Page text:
Review: Phoenix Wright: Ace Attorney - Spirit of Justice


Order in the afterlife

As far back as I can remember, I wanted to be a lawyer. Maybe it was The Firm, maybe it just called to me -- but that's not what ended up happening, despite earning my pre-law and philosophy degrees and prepping for the LSATs.

In High School, my AP history teacher told me about a defining moment in his life that led him away from something he thought was a calling. He went to seminary to become a priest, and before he "donned the cloth" (I love saying that), he looked in the mirror, and said to himself "celibacy?" After that he went back to school and became a teacher.

It sounds absurd, but that same thing kind of happened to me after getting married, albeit in a different wheelhouse. After talking to all of my law-bound friends about the long hours and all of the other "perks," I reconsidered. In that regard, I'll always wonder what might have been. But that's partially why video games are so great, because they give me the opportunity to dream and escape.

And since the Phoenix Wright series helps me cope with that, I'm extremely grateful.

Phoenix Wright: Ace Attorney - Spirit of Justice (3DS)
Developer: Capcom
Publisher: Capcom
Released: September 8, 2016
MSRP: $29.99

Away from the comfortable courtroom you're probably used to if you've dabbled in a few Wright games before, Spirit of Justice whisks us away to the Kingdom of Khura'in, an indeterminate region in the east. Phoenix and crew are merely there to visit a friend, but they couldn't have picked a worse time as the country is currently dealing with a revolutionary uprising.

I think I actually like this setup the most of any Wright title. You have this awesome, high-stakes macro story playing out alongside of each case, with severe religions undertones that define the entire legal process. Defense attorneys are deemed useless, as priestesses can "commune with the dead" and watch the last moments of each victim -- it's all the evidence (they think) they need, Minority Report style. Naturally Phoenix steps in to fix the situation, even in light of a law that states that the defense must be punished alongside of the defendant should he lose (even if it's death). This leads to some hilarious dialogue, and as dark as the whole situation is, new characters that are worth listening to.

Spirit is also caked with lovely anime scenes with English voice acting (A-1, who animates the show, handles the games now) and updated character models. It's all so damn charming, and the multitude of emotions Phoenix himself emulates show you first-hand why he translates so well to a fighting game. His boyish enthusiasm and charm are undeniable, especially when juxtaposed to all of the new Khura'in residents, who are strange, but ultimately provide new perspectives that he's not used to.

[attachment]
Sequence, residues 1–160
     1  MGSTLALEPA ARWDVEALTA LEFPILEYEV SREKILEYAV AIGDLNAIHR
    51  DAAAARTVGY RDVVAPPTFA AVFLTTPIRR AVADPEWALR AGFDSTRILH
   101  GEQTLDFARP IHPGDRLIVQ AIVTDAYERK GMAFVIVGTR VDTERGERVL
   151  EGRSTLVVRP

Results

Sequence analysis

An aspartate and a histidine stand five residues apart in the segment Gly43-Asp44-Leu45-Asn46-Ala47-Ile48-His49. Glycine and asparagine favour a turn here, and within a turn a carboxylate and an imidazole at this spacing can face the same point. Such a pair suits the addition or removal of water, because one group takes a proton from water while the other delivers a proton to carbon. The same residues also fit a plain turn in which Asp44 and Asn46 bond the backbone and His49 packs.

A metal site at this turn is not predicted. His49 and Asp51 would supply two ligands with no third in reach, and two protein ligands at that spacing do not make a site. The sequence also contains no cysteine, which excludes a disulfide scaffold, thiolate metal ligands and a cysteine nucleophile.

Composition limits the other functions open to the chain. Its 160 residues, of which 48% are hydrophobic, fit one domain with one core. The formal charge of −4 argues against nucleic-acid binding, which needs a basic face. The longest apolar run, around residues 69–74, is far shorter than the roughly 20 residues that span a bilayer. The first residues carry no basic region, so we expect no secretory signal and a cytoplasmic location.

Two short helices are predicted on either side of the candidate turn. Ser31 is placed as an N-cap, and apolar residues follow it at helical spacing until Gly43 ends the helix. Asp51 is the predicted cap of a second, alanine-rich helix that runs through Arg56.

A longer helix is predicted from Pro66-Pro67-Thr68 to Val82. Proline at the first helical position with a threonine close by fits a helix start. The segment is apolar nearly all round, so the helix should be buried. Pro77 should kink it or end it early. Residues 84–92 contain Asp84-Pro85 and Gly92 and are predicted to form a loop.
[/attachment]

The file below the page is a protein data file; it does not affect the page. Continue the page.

Never played a Wright game before? That's fine. You can pick up on a few inferred relationships along the way. It's essentially an interactive visual novel, with players having the option to present specific bits of evidence at key moments (like showing a contradictory contract while highlighting a statement from a witness saying they weren't at a location at a certain time). The "Spirit" part is all-new though, and deals with even more testimony from the dead.

Yet, they can't actually speak for themselves, so you're just going to get jumbled feelings and phrases on the screen to decipher. It's another form of testimony but a unique process, and it'll take several cases to get used to. It's not a massive departure or something out of left field, but it melds well. And if you really want a more traditional setting, Wright's pal Apollo Justice has some antics in LA to follow.

I don't think you'll mind Khura'in at all, though. The cases are wackier, and the spiritual theme adds a whole new tint to everything. That, and the totalitarian backdrop that colors the story, citing Wright derogatorily as a "foreigner." Then you have the seances, the proud judge with an ornate gavel -- Spirit just changes so much it's lovely. Yet, it also returns to some missed fundamentals like the "five strike" system (read: you can't just present evidence over and over and hope to succeed), as well as a toned-down hint mechanic.

Capcom could just keep making these with different time periods in new regions and I'd keep playing them. As long as it employs a good writing crew and delivers satisfying scenarios, I'm in. Phoenix Wright: Ace Attorney - Spirit of Justice, you made this aspiring lawyer's day.

[This review is based on a retail build of the game provided by the publisher.]

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Phoenix Wright: Ace Attorney - Spirit of Justice reviewed by Chris Carter



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Chris Carter
Chris CarterReviews Director, Co-EIC   gamer profile

Chris has been enjoying Destructoid avidly since 2008. He finally decided to take the next step, make an account, and start blogging in January of 2009. Now, he's staff! ------------------- T... more + disclosures



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    Filed under... #3DS #Capcom #Phoenix Wright #reviews #Role-Playing Games #Top Stories



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